‘Fun Home’ opens to live audience tomorrow


Maelyn Barber, Staff Writer

The Black Box Theater piano echoes through the room as students eagerly study the script of “Fun Home,” the fall musical. Students laugh together as they make progress on the production of the show.

For the past year, COVID-19 has challenged Tower Theater to produce traditional shows. As school activities are slowly getting back to normal, theater prepares to perform in front of a live audience. 

Last year, during the pandemic, Tower Theater did all-virtual shows of Vaudeville and “War of the Worlds,” and a film production of “Songs for a New World.”

Theater Director Jason Tyler lamented the loss of interaction in the virtual presentations.

“We weren’t able to physically connect at all,” Tyler said. “We couldn’t connect with that audience because everything was through a screen. Even to the audience, that to me was the biggest disadvantage.”

Virtual performances were difficult not only because of the lack of connection between audience members and performers, but also because some audience members who might have otherwise attended shows in person lacked awareness of virtual performances. 

“Last year, a lot of people had a misconception that we didn’t have theater,” Juan Romero, a participant in Tower Theater since freshman year, said. “That is, in fact, not true.”

As COVID guidelines have since changed, the new goal of FCHS Theater is to get back to traditional in-person production, with the first production of the year, “Fun Home,” opening tomorrow night. The show is a tragicomic musical about a young cartoonist named Allison Bechdel and her father attempting to work out their similarities and differences.

Since the start of preparation for the show, there has been some change in production. “Fun Home” was originally supposed to be performed in the Black Box Theater. However, due to COVID protocols requiring the audience to be 25 feet from the performers, the show moved to McNeal Theater.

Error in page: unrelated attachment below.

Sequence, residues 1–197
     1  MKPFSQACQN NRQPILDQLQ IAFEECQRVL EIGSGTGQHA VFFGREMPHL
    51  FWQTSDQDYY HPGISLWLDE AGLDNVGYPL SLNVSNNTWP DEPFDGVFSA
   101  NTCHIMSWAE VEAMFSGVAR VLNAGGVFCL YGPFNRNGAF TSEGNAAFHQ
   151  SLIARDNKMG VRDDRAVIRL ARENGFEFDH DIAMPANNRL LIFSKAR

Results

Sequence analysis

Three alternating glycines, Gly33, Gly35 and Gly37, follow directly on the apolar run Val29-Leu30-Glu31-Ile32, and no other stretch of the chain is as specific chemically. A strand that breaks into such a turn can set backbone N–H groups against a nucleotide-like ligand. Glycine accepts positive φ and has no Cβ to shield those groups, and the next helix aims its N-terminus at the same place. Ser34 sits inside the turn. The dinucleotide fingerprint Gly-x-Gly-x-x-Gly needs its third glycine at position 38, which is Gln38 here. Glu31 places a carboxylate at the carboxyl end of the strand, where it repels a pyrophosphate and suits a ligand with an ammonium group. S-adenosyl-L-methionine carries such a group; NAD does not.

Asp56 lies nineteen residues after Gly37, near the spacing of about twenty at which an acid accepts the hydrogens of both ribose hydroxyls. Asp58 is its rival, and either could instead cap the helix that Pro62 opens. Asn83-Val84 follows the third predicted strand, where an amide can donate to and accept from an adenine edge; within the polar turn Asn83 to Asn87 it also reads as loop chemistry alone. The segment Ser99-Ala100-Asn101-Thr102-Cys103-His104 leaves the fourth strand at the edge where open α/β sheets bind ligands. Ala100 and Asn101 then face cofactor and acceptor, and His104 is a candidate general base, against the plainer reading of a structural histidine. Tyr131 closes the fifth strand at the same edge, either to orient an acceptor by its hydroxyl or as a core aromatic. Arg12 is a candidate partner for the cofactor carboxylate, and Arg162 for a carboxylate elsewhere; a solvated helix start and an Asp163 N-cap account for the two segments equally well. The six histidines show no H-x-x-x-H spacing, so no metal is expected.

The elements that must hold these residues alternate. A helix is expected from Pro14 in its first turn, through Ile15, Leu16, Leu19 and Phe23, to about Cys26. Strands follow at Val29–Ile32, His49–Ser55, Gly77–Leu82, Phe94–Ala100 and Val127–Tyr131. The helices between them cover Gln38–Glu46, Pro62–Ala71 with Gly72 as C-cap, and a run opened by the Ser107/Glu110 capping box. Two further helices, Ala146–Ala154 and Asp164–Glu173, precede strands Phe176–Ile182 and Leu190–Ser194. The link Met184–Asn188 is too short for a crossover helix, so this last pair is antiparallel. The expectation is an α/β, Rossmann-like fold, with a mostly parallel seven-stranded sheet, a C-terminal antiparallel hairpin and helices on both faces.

Modified guidelines, including distancing, will allow performers to take their masks off, Tyler is looking forward to the change.

“Masks take away from us hearing the clarity of their voice and our eyes are expressive but not nearly as much as our mouths, cheeks, noses,” he said. “I miss seeing anger on faces—happiness, sadness—on faces.”

Though the changes have been challenging, cast and crew are excited about performing live, especially performing “Fun Home,” which addresses serious topics such as coming out and suicide.

“Musicals like ‘Fun Home’ bring the conversation to the table in which we are able to be more open about the things that we feel,” Romero said.

Ella Tremblay, the lead role in the production, emphasizes the importance of delivering such topics correctly.

“They’re not just words.” She said,  “So I have had to do a lot of reflecting on what I am really saying because if it’s not portrayed right, then the audience won’t understand.”

Tremblay also expresses the lesson she hopes for the audience to take away from Fun Home. 

She said “Growing up and learning who you are isn’t a process, that’s the same for everyone. So it’ll take time.” Continuing, “If you’re confused about yourself and who you should be or what you should do, you don’t have to know.”

As Tower Theater gets back to in person shows such as, “Fun Home,” productions will not only teach the audience important lessons, but will show the cast and crew the importance of the audience.